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Luke 1:5-1:25
Key Verse: 1:6

Thank God that we began Acts’ study and have studied up to chapter 4. Since the author of Luke and Acts is the same, it seems to be suitable to study Christmas passages in Luke’s gospel for consistency. Luke did not begin his gospel right away with the story of Jesus, even with Jesus’ birth. In the first chapter of Luke, he recounts the story of Zechariah and Elizabeth, the parents of John the Baptist, and Mary, the mother of Jesus. They are the people God used for his Son Jesus’ coming into this world. Before Jesus came, his forerunner John the Baptist had to come. So the story of Zechariah and Elizabeth is written first in Luke’s gospel. In today’s passage we can think about the lives of faith of Zechariah and Elizabeth and the greatness of John announced even before his birth.

First, Zechariah and Elizabeth (5-7). Look at verse 5. “In the time of Herod king of Judea there was a priest named Zechariah, who belonged to the priestly division of Abijah; his wife Elizabeth was also a descendant of Aaron.” Here we see three names: Herod, Zechariah, and Elizabeth. Herod’s name comes first, but it is written in the adverb phrase, not in the main clause. His name is written to introduce Zechariah and Elizabeth. In world history he is known as “Herod the Great” and nobody seems to know who Zechariah and Elizabeth were. But God’s history is different. Herod, though he was king of Judea, was the backdrop for the stage where Zechariah and Elizabeth were the main characters.

Herod called himself “Herod the Great.” But in fact he was Herod the horrible (diabolical monster). He even strangled his wife and his own two sons, suspecting that they were his possible opponents. He was the one who, when he heard that Jesus the king of the Jews was born, ordered that all the boys two years and younger in Bethlehem and its vicinity be killed. He was nominated king of Judea by the Roman Senate in the year 40 B.C. He ruled Judea from 37 B.C. to 4 B.C. While he ruled, it was really a dark, ominous and calamitous time in the history of Israel.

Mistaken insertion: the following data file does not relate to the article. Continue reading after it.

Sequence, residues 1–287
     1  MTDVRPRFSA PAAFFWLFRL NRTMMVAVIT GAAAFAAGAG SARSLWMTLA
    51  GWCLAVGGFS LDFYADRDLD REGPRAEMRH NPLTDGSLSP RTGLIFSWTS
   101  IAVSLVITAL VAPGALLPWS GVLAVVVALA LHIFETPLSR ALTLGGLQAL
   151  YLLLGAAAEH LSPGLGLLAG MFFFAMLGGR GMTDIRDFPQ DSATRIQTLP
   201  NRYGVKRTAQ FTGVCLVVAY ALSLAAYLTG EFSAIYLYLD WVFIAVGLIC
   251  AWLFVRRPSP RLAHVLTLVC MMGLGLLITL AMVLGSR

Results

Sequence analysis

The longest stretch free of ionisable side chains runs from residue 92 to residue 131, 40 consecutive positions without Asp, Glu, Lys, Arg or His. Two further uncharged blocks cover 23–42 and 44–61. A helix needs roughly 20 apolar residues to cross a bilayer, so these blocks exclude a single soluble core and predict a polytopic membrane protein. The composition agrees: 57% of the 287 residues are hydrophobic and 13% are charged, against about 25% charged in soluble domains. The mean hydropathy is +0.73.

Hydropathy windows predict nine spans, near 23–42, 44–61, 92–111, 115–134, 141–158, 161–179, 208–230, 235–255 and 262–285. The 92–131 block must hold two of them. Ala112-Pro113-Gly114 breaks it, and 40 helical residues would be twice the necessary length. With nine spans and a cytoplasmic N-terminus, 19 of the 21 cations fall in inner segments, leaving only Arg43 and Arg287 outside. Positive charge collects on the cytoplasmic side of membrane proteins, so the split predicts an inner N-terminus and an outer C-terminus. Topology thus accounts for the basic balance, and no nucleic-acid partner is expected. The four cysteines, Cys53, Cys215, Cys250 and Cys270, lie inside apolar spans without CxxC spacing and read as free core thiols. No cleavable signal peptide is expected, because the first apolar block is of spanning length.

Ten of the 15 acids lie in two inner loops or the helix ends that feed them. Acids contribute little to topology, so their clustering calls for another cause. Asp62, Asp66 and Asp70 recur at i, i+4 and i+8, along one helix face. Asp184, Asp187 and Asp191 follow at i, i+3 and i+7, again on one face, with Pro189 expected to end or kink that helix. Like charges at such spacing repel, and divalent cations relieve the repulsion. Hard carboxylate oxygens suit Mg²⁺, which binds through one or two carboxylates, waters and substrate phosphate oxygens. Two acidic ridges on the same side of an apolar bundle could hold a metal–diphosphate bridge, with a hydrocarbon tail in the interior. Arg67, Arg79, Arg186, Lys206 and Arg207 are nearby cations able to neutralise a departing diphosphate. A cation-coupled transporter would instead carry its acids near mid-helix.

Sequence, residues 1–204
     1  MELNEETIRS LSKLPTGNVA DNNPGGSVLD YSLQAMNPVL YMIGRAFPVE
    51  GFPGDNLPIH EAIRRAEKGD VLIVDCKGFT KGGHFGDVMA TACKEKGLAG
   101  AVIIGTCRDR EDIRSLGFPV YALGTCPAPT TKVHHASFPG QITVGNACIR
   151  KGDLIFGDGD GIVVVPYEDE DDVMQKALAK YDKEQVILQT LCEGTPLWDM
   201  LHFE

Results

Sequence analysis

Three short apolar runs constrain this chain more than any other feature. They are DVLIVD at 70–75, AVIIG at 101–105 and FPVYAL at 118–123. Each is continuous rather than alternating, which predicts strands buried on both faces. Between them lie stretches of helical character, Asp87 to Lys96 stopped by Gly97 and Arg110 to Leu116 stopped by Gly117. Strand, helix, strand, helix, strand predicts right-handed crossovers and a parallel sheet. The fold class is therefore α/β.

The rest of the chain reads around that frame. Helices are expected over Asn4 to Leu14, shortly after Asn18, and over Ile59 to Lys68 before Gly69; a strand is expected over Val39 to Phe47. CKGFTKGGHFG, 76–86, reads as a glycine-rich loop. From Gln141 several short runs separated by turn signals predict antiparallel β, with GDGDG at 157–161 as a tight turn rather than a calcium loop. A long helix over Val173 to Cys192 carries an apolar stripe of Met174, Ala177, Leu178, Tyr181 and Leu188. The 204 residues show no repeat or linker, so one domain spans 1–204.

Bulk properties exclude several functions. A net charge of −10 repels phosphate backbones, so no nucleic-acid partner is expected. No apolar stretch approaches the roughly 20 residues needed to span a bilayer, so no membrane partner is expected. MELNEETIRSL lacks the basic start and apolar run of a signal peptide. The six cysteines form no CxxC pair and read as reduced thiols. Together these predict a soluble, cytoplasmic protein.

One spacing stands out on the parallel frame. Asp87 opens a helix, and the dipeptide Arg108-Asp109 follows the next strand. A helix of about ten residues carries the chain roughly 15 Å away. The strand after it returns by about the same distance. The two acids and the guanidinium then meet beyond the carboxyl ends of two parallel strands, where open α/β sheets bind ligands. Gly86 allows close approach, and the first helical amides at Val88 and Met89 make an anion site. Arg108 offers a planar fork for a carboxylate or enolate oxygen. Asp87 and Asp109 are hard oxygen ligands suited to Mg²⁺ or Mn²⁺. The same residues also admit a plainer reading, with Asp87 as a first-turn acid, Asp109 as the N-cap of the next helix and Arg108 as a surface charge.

Yet, in that dark time the lamp of God was not extinguished. Look at verse 5 again. “In the time of Herod king of Judea there was a priest named Zechariah, who belonged to the priestly division of Abijah; his wife Elizabeth was also a descendant of Aaron.” Zechariah and Elizabeth were a priestly couple. In the Old Testament, the tribe of Levi among 12 tribes was set apart to serve the Lord. Even among the Levites, only the descendants of Aaron could be priests. Not only Zechariah but also his wife Elizabeth was from the priestly line as a descendant of Aaron. Zechariah and Elizabeth were a privileged couple in God. Luke, however, did not just talk about their priesthood. Luke had to say something remarkable about them apart from their priesthood. Look at verse 6. “Both of them were upright in the sight of God, observing all the Lord’s commandments and regulations blamelessly.” This is the author’s evaluation of the couple Zechariah and Elizabeth. Of course, their priesthood did not make them upright in the sight of God. In this evaluation, human title, degree, wealth, or health, such things were not involved at all. Such things can be counted before people, but not before God. We know that true evaluation should be done before God. In verse 6, “Both of them were upright in the sight of God.” What can be a greater evaluation than this? Yet, it does not mean that they were perfect and sinless. It must have meant that both of them lived before God and kept a right relationship with God, repenting of their sins whenever they realized them. They did not compromise, rationalize or make excuses for their sins. How could they live before the invisible God? It was by observing the Lord’s commandments and regulations. A commandment is an underlying principle and a regulation is its application to concrete life situations. Their observing the Lord’s commandments and regulations blamelessly shows the degree of their spiritual life. For them their fellowship with God was most important each day. And they studied the Bible until the words of God were carved on the tablets of their hearts so that they could live by them as manuals of their life. It is different from just obtaining a lot of Bible knowledge. Their purpose of Scripture study was to know God and obey God’ words very personally.